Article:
Bernard and Lenina watch a bloodthirsty fertility ritual in the Savage
Reservation. Although Bernard warned Lenina about the crude and disgusting ways of the reservation, she insisted on accompanying Bernard rather than staying in the hotel.
They meet John, whose white skin has made him an outcast amongst the Indians
of the reservation. There is a strange animal magnetism between Lenina and John.
He tells Lenina and Bernard that he wished the Indians would let him take part in the flagellation part of the ritual, as he would enjoy undergoing the pain. John tells them that his mother, Linda, once lived in the outside world, but was lost in a storm when she visited with her boyfriend. Bernard realizes that this is the D.H.C.’s wife, and that John is his son. Lenina is shocked at Linda’s appearance. She is the first old white person she has ever seen.
Linda explains how she found it difficult to adapt from the cozy Utopian
ways to the harsh world of the reservation. She explains how alarmed she was to find that she was pregnant despite the precautions she took. Since then, she has tried without success to convert the
natives to a more civilized way of life.
Life in the reservation comes as a shock to the reader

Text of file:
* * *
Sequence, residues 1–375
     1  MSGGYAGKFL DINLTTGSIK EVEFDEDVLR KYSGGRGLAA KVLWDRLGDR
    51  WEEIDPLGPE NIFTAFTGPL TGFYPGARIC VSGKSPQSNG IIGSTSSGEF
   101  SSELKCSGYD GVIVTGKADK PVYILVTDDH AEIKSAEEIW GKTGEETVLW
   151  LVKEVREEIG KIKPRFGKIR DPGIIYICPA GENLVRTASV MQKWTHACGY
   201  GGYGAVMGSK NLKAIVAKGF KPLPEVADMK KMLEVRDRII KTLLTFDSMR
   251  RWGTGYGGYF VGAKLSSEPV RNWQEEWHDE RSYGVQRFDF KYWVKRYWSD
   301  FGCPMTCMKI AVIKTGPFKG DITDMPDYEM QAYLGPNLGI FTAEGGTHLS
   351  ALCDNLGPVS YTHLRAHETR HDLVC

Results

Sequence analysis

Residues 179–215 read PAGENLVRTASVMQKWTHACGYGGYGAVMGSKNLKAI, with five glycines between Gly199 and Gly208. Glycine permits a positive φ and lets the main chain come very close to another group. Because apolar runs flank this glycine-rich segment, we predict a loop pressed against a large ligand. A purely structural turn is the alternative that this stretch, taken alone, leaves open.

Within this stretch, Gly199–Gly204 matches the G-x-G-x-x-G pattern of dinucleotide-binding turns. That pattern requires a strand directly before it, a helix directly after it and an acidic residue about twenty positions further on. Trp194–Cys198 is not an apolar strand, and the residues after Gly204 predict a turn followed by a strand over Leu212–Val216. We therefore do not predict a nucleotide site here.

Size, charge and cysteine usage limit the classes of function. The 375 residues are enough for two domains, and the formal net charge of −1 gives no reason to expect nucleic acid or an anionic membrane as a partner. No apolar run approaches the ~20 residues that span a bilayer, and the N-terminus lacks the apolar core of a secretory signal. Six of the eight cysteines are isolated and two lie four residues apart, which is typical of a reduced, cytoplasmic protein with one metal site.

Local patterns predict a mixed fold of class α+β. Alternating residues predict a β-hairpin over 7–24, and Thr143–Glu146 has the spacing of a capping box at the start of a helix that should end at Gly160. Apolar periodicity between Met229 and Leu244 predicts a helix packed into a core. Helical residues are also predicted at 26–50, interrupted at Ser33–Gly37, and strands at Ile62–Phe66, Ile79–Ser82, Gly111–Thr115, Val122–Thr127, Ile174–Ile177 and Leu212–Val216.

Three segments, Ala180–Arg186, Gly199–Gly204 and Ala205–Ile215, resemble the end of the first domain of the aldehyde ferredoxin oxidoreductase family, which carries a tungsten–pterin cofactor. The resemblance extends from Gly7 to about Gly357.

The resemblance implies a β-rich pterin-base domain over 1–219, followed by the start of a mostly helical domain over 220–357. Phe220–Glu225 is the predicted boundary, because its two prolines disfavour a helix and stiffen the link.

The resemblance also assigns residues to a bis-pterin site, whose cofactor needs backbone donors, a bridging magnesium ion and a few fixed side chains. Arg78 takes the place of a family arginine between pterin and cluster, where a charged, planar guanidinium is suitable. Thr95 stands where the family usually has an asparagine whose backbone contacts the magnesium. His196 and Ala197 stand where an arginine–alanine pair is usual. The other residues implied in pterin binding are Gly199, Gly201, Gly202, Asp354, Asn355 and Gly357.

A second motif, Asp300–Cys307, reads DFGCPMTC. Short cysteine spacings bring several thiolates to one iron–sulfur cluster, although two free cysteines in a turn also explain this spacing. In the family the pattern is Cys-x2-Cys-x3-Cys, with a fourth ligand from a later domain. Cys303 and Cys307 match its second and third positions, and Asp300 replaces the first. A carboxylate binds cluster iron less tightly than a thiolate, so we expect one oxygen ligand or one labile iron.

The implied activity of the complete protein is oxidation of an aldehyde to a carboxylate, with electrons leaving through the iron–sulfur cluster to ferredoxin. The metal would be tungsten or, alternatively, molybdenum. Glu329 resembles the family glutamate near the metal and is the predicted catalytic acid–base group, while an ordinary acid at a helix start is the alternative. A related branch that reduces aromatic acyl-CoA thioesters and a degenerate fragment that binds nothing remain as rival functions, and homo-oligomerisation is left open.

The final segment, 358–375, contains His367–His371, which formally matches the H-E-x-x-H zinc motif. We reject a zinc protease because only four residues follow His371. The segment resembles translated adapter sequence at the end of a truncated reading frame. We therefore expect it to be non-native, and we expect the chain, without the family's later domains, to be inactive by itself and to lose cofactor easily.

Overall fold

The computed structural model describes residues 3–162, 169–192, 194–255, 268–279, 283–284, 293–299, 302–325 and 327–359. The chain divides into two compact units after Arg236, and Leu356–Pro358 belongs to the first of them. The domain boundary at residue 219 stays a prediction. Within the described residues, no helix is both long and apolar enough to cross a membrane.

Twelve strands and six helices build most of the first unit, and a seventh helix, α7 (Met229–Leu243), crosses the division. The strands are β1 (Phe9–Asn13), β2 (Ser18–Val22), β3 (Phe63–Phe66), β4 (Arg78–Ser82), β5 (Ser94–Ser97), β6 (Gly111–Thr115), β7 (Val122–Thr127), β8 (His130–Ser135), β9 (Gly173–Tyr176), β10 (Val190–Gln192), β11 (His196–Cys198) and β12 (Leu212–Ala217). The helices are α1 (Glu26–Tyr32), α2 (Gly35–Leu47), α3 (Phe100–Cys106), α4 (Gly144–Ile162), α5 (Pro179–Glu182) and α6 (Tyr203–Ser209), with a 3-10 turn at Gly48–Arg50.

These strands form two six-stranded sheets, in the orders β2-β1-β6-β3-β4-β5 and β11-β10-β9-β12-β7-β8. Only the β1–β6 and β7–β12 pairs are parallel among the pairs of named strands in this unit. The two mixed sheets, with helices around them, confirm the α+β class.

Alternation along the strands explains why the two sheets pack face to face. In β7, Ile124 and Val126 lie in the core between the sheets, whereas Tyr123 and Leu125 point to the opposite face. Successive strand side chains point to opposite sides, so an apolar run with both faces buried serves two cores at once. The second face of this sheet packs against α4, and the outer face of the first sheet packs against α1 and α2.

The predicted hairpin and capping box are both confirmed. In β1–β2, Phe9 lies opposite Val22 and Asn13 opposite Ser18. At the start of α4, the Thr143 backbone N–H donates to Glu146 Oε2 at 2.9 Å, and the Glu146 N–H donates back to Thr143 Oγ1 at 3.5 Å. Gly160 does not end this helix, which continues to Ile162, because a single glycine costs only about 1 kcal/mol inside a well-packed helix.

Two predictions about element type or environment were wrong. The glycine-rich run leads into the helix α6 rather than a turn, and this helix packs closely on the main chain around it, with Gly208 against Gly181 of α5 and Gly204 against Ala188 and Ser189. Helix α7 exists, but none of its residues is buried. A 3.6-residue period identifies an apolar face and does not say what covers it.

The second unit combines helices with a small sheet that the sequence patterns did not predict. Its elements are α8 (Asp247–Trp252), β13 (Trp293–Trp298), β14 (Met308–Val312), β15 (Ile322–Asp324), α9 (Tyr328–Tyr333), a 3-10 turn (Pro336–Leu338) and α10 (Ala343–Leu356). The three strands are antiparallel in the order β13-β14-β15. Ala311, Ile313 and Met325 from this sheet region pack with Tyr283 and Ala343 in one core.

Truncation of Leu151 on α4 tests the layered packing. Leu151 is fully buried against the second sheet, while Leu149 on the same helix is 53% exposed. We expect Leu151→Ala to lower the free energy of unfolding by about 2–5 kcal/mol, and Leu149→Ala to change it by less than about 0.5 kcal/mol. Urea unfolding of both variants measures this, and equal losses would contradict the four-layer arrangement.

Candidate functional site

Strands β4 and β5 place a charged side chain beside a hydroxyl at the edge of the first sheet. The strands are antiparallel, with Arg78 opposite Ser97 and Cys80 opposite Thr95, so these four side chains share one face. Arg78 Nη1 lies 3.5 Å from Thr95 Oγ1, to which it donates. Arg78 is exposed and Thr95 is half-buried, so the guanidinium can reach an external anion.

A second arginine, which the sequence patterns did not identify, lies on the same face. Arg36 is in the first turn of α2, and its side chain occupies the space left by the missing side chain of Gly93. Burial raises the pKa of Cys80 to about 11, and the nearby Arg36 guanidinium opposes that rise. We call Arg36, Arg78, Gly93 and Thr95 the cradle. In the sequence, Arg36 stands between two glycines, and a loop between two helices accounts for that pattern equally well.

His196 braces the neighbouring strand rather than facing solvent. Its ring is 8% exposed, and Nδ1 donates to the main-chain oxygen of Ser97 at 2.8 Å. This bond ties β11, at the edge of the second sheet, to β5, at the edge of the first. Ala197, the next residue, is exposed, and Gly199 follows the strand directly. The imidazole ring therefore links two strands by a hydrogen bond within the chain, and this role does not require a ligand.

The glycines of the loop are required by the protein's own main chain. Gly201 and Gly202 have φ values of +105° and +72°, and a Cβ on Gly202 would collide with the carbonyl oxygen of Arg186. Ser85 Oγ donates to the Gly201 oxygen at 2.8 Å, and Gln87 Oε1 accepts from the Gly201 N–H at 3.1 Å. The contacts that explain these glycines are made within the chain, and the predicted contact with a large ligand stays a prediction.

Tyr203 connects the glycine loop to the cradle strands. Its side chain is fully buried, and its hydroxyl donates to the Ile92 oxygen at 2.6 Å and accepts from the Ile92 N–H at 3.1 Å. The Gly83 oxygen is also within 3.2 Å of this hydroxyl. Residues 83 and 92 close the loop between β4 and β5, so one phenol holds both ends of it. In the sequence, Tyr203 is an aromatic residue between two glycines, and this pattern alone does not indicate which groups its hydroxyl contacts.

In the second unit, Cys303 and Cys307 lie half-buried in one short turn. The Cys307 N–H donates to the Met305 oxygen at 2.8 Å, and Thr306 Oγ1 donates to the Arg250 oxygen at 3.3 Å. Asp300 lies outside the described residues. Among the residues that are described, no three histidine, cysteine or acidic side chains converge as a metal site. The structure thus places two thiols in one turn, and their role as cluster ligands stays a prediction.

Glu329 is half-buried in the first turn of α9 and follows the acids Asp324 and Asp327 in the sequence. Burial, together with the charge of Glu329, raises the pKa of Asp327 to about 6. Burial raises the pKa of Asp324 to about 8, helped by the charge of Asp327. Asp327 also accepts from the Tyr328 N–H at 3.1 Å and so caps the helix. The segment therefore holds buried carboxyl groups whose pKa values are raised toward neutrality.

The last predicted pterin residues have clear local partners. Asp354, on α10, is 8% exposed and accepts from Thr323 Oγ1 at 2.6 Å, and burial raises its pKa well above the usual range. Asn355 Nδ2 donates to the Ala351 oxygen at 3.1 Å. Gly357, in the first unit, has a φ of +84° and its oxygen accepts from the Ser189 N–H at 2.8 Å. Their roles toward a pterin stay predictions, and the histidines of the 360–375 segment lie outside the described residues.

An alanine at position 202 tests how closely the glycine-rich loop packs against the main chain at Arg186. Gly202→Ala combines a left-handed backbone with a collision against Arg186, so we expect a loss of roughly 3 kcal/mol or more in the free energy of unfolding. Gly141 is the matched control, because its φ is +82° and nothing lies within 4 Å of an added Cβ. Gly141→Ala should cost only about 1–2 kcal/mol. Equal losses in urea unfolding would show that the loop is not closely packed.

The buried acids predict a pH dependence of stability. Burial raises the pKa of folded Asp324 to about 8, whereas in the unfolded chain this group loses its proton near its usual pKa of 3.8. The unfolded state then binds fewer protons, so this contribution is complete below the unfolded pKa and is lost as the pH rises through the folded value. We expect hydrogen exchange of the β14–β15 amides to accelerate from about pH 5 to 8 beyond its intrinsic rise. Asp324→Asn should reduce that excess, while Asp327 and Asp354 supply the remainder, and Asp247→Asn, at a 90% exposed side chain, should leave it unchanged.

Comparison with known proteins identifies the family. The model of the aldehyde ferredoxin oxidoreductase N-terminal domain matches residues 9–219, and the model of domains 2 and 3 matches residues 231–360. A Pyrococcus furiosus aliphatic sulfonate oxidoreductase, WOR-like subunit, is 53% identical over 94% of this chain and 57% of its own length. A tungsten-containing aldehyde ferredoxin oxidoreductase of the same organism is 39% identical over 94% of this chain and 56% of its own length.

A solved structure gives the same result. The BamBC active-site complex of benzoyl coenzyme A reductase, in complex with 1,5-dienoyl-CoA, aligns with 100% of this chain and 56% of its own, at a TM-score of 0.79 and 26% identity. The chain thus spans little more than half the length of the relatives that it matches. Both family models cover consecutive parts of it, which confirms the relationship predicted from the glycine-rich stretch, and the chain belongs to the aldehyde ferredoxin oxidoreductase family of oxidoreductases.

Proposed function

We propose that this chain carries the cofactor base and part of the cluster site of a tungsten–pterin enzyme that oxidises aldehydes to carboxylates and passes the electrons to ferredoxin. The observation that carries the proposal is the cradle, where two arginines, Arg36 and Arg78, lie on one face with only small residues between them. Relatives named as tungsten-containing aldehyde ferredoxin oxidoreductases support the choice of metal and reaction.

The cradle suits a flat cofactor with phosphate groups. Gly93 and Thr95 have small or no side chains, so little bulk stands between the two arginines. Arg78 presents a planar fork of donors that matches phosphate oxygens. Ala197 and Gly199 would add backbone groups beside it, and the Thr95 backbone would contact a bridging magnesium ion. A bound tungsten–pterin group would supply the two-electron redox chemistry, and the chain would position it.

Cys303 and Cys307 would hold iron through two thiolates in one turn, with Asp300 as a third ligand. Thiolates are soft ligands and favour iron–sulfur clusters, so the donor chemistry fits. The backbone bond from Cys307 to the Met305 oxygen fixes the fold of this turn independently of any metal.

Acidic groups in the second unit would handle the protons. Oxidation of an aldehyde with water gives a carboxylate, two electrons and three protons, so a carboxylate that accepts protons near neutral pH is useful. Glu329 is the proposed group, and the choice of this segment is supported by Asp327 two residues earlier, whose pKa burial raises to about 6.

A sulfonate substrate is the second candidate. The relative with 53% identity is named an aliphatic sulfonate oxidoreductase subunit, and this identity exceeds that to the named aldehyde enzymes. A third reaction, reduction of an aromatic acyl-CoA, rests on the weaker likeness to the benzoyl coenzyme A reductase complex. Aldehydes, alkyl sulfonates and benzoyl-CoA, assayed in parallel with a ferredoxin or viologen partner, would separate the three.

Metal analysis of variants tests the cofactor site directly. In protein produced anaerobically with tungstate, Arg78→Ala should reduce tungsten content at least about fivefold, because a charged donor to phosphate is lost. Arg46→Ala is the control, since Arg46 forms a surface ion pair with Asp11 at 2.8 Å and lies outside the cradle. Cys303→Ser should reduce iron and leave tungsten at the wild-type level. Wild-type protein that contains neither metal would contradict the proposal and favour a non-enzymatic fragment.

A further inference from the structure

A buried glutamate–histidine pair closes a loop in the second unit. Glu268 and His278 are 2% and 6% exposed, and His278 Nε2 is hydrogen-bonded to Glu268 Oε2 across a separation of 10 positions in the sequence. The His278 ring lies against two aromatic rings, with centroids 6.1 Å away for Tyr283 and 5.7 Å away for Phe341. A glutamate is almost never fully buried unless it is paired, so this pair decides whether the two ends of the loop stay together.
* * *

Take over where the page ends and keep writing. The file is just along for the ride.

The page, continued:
after the description in the previous chapters of the sterilized world of Utopia.
Huxley is deliberate in doing this. The Utopian society and the
reservation are the two extreme ends of the spectrum, and it is left to the reader to decide which is the best one to live in.
It has come as a shock to Lenina to witness the happenings in the reservation, which even in her wildest dreams she could not have visualized. She is really terrorized by the scene she witnesses and it does not help her situation that she has forgotten her supply of soma.
Huxley intends John to be a representative of noble savagery, and Linda a
benchmark of Utopia as she is the only character to have lived in both worlds. It will transpire that Linda is the only character with any depth, and what Huxley has to say through her words is very important,
and the reader should concentrate on her part in the novel, even though it is short.
However, at this stage in the book, it is perhaps Bernard who is the focal point, as his opportune meeting with John and
Linda is going to influence the rest of the plot.